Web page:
Will the Asian Infrastructure and Investment Bank achieve a successful start?

September 30th, 2015 by Gerhard Stahl, Shenzen

At the end of this year a new International Financial Institution (IFI), the Asian Infrastructure and Investment Bank (AIIB) will become operational. The AIIB is placed in Beijing. It has currently 57 founding members: 37 Asian countries (including Russia, Australia and New Zealand) and 20 outside Asia (17 European countries, two African countries and Brazil). The authorized capital of the AIIB is expected to be US$ 100 billion and will be used for infrastructure projects in Asia. There is a big need for infrastructure financing in a quickly developing Asia. The Asian Development Bank (ADB) estimates that for the period between 2010 and 2020, Asia needs US$ 8 trillion for infrastructure construction.

The founding countries of the AIIB took the decision to participate in spite of concerns raised that the creation of a new international bank would undermine existing IFIs, like the World Bank and the Asian Development Bank. The strong participation of European countries was a major breakthrough for Chinese diplomacy against resistance coming especially from the United States. This success is of importance not only for the development of Asia but it is also an important step for new global governance structures. The reform of the Bretton Woods Financial Institutions is stalled because of the negative attitude of the American Congress. Therefore the correction of the voting rights in the IMF, reducing slightly the dominant US influence and the over-representation of Europe at the benefit of countries in Asia and Africa is still not happening. The AIIB might be able to demonstrate that a new financial institution supported by China will be run on an inclusive pattern, allowing participants to join into the decision-making in a more equal manner.

Challenges

But there are still important decisions to be taken to assure that the high ambition of China becomes reality: to create a new financial institution, which is a best practice case for the 21st century.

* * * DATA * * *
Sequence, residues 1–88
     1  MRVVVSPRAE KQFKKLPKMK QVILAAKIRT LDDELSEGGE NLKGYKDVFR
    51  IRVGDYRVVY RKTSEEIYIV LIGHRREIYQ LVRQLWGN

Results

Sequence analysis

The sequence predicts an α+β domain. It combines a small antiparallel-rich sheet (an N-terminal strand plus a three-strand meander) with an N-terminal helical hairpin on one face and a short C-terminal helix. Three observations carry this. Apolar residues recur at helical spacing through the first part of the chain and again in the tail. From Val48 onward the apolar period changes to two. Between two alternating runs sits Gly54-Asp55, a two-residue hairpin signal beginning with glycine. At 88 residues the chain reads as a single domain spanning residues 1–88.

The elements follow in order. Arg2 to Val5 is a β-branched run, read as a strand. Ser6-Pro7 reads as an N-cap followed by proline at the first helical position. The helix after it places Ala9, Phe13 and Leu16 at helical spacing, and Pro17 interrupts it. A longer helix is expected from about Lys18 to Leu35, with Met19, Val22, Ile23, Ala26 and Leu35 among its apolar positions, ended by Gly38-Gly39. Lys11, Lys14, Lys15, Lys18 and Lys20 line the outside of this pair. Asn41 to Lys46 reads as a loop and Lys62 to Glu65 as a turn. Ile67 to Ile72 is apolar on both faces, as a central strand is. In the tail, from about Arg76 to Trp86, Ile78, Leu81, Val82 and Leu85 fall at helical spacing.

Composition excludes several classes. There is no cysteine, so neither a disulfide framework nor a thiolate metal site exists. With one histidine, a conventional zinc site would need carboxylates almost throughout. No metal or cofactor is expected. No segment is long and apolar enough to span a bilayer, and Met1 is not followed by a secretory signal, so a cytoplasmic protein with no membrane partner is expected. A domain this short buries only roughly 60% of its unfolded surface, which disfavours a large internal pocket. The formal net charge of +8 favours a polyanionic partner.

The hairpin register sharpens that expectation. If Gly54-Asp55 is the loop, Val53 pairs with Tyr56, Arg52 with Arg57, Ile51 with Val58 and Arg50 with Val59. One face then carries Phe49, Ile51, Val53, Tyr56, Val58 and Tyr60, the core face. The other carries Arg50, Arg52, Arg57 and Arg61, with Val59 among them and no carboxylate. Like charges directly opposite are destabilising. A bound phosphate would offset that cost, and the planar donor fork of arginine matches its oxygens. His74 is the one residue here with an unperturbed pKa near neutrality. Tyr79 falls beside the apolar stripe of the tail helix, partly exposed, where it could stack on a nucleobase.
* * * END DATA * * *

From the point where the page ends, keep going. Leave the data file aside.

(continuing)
This new IFI must find a balance between the different interests of its shareholders. Chinas interest is to use the AIIB for the financing of infrastructure projects linked to its one belt on road strategy. The strategy has two main components a land based Silk Road Economic Belt and the 21st Century Maritime Silk Road. The Silk Road Economic Belt is intended to improve road and rail routes and other means of connection, including oil and natural gas pipelines and IT infrastructure, in an area that stretches from China to central and South Asia, Russia, the Mideast and Europe. The 21st Century Maritime Silk Road is intended to create a network of ports and industrial parks linking South and Southeast Asia, East Africa and the Mediterranean Sea. Chinas big Companies have over-capacities, which can be used for these investment projects. This can help these companies to cob with reduced growth in China. Especially Chinese state-owned companies have privileged access to political decision makers and might hope for a preferential treatment by the AIIB. But also companies from Russia and India might hope for a special treatment.